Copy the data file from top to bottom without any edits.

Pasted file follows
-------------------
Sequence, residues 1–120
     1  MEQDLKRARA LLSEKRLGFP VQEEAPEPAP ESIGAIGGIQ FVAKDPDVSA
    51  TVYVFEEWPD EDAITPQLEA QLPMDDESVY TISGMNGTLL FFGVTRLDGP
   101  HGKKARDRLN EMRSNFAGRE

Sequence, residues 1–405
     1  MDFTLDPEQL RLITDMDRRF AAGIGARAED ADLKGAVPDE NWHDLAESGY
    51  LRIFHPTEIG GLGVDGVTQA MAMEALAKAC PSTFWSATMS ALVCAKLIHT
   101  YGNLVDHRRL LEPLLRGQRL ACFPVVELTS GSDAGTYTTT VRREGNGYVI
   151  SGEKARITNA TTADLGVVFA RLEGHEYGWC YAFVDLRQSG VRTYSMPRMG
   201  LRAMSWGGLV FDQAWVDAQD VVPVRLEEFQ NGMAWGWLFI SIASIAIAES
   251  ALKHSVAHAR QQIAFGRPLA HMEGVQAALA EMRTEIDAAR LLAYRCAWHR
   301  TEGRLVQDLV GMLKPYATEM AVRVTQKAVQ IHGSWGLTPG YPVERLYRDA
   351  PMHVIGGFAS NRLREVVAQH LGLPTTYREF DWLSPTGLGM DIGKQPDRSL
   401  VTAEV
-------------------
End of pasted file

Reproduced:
Sequence, residues 1–120
     1  MEQDLKRARA LLSEKRLGFP VQEEAPEPAP ESIGAIGGIQ FVAKDPDVSA
    51  TVYVFEEWPD EDAITPQLEA QLPMDDESVY TISGMNGTLL FFGVTRLDGP
   101  HGKKARDRLN EMRSNFAGRE

Sequence, residues 1–405
     1  MDFTLDPEQL RLITDMDRRF AAGIGARAED ADLKGAVPDE NWHDLAESGY
    51  LRIFHPTEIG GLGVDGVTQA MAMEALAKAC PSTFWSATMS ALVCAKLIHT
   101  YGNLVDHRRL LEPLLRGQRL ACFPVVELTS GSDAGTYTTT VRREGNGYVI
   151  SGEKARITNA TTADLGVVFA RLEGHEYGWC YAFVDLRQSG VRTYSMPRMG
   201  LRAMSWGGLV FDQAWVDAQD VVPVRLEEFQ NGMAWGWLFI SIASIAIAES
   251  ALKHSVAHAR QQIAFGRPLA HMEGVQAALA EMRTEIDAAR LLAYRCAWHR
   301  TEGRLVQDLV GMLKPYATEM AVRVTQKAVQ IHGSWGLTPG YPVERLYRDA
   351  PMHVIGGFAS NRLREVVAQH LGLPTTYREF DWLSPTGLGM DIGKQPDRSL
   401  VTAEV